Most bosses do understand that emotions can run high at work and are heightened even further by stress. While it’s true that you don’t want to be tearing up every time you get feedback, a one-time slip into teariness isn’t going to destroy your reputation. That said, it’s smart to acknowledge it rather than trying to pretend it never happened. In the moment, you can say something like, “I’m sorry, I’m feeling pretty stressed about this. But I want to continue talking.” Or “This is hitting me hard for some reason. Would you mind if I stepped out for a minute to get a drink of water?”
If you didn’t address it in the moment, later on you can say something like, “I’m a little embarrassed that I had such a strong reaction yesterday, and I hope you’ll excuse it. I want you to know that I really appreciate the conversation and I’m thinking through what we talked about.” That last part is important so that your boss doesn’t worry that you didn’t fully take in whatever the conversation was about or that she’ll always need to brace for tears when raising sensitive topics with you. A decent boss will appreciate you addressing it this way, and then you can put it behind you and go on as if it hadn’t occurred.
It is true, though, that chronic crying at work can be a real problem, because it can be disruptive and make people hesitant to bring up anything difficult with the crier. Here’s an account of that from the manager’s side:
I have an employee who cries very often (more than once a week). Any time any small thing happens that she perceives as a slight or that doesn’t go her way, she starts crying and talks about how wronged she is. Even in neutral staff meetings where we are discussing seemingly inconsequential things, this is a nearly constant problem. It’s causing other workers to feel manipulated and bullied. I’ve tried every response I can think of, and I have probably been overly patient with what has now become a serious disruption to doing business.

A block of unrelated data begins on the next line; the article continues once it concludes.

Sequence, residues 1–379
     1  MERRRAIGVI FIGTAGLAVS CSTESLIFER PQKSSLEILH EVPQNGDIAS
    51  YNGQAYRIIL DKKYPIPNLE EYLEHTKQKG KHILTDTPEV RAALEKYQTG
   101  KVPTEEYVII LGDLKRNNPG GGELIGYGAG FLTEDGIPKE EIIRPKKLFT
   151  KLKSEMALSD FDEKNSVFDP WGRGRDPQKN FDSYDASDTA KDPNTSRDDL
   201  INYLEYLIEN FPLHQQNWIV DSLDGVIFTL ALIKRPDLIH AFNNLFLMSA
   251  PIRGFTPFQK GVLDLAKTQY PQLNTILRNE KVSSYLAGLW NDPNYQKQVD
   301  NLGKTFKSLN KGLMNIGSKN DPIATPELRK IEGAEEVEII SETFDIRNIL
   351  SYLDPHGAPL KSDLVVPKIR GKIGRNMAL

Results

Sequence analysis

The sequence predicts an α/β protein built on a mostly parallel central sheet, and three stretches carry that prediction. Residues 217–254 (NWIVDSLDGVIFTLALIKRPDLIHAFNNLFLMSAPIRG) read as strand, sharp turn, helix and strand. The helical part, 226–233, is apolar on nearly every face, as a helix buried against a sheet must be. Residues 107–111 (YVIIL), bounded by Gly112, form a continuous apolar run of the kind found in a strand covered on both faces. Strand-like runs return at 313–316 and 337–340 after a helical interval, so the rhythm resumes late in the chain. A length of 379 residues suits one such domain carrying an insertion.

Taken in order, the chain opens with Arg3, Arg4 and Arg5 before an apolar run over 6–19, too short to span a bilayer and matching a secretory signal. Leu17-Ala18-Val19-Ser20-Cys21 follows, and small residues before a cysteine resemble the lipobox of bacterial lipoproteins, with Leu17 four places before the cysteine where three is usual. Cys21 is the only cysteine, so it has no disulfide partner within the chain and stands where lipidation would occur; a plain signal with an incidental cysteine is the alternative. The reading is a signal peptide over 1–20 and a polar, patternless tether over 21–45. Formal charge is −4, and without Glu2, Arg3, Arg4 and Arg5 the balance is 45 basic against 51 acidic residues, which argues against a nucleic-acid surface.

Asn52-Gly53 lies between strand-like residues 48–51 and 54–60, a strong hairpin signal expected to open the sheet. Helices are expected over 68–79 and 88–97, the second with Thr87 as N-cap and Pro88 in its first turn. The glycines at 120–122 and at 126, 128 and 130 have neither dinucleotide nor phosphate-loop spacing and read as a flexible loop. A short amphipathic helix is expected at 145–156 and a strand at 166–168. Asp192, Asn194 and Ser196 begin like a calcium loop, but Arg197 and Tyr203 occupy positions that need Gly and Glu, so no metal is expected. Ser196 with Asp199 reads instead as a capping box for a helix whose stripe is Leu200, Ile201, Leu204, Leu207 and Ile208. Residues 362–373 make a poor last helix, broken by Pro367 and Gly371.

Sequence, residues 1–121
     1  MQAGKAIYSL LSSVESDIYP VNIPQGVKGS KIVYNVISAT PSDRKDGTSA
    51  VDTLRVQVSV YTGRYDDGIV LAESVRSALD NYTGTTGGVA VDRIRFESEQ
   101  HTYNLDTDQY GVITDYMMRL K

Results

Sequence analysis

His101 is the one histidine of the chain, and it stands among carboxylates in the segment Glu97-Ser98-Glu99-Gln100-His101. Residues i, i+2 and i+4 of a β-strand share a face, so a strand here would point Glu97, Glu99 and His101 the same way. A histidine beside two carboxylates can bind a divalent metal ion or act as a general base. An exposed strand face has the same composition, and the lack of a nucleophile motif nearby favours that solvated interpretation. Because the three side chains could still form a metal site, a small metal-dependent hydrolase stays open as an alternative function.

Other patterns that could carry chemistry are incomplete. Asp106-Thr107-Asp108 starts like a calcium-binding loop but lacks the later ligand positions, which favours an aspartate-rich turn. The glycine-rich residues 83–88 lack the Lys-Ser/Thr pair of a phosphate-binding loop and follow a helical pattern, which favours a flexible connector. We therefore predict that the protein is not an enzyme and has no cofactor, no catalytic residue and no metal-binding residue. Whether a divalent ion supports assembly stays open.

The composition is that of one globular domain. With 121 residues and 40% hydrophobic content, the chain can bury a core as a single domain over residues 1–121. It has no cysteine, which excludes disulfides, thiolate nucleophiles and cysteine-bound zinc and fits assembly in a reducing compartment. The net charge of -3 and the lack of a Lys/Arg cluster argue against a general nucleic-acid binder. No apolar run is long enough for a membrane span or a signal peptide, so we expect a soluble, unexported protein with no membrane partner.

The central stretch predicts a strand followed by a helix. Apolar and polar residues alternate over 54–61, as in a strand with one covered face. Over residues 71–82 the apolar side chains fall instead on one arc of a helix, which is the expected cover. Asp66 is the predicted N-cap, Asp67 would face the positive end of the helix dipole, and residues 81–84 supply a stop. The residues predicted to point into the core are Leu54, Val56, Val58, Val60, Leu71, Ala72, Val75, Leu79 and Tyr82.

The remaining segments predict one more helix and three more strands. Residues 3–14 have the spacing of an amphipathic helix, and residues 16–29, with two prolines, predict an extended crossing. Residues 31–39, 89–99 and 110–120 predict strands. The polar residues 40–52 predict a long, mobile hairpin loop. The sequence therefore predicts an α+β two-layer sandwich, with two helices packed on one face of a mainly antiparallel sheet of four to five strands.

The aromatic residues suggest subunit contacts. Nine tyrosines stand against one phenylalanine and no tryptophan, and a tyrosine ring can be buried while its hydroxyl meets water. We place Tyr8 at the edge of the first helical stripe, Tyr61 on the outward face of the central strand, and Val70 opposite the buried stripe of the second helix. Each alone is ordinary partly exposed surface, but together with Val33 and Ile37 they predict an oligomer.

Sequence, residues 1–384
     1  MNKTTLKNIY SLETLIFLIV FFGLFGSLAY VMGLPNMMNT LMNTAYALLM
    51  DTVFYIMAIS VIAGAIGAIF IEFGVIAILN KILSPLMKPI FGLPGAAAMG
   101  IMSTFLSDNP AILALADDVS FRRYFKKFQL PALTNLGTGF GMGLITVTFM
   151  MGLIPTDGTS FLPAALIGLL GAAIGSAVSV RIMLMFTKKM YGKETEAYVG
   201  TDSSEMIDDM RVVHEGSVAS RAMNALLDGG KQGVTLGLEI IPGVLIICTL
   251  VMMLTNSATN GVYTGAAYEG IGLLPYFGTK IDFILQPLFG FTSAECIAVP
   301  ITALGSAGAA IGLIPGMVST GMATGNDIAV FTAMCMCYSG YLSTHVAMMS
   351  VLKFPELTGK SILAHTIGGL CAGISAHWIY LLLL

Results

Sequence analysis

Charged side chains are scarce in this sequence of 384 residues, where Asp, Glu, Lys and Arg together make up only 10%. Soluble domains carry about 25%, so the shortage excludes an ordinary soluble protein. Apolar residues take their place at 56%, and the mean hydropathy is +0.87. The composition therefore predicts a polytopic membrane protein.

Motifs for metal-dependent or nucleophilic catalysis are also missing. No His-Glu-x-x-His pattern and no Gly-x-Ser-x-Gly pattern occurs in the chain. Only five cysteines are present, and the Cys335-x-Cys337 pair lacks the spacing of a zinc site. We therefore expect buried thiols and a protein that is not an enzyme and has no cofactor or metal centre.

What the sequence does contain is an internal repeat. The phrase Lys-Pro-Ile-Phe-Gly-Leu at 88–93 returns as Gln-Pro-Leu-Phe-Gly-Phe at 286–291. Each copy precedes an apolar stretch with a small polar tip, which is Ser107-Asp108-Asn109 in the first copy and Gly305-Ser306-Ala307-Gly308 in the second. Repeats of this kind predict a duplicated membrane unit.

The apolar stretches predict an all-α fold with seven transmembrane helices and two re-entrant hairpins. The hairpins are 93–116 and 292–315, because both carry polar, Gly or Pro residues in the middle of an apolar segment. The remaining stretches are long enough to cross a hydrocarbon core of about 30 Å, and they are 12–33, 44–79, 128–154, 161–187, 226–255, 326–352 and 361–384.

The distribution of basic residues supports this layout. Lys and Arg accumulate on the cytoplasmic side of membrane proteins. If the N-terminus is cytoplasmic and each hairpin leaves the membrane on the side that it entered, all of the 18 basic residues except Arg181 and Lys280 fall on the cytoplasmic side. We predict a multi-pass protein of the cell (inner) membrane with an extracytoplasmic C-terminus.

Unlike the previous examples, this person’s crying is getting in the way of the normal course of business. In a case like this, the manager should focus less on professionalism and more on the ways the crying is affecting the work. For example: “When you react so strongly so often, it makes it difficult for us to move forward with our work. What can you do so that your response doesn’t get in the way of the work we need to do?” There’s also a point where it’s reasonable to consider “calm and professional demeanor” a job requirement like any other.
But that’s an extreme example. For the vast majority of people who cry at work, it’s a rare thing, not a weekly occurrence. And in those cases, the kindest course of action for a manager is to accept that we’re human and sometimes tears happen. It’s okay to kindly say, “I can see you’re upset. Would you like me to give you a few minutes?” Or you can do what this letter writer’s boss did:
I was under a lot of stress for reasons unrelated to my job at one point (applying to grad school and family issues, both of which my boss knew about). At one point during our biweekly check-in meeting, I got a tiny bit misty-eyed. What did my boss do? NOT ask about it — “Are you okay?” or “What’s going on?” are the surest ways to get someone who’s trying to maintain control to lose it. Instead, she blew her nose (insuring I’d know where the tissues were) and announced that she had to pee and would I mind waiting for her in her office. Her bathroom trick gave me the thirty seconds I needed to compose myself, acknowledged that people sometimes get emotional without making a big deal of it or making me look unprofessional, and made her look amazing. What more could you want?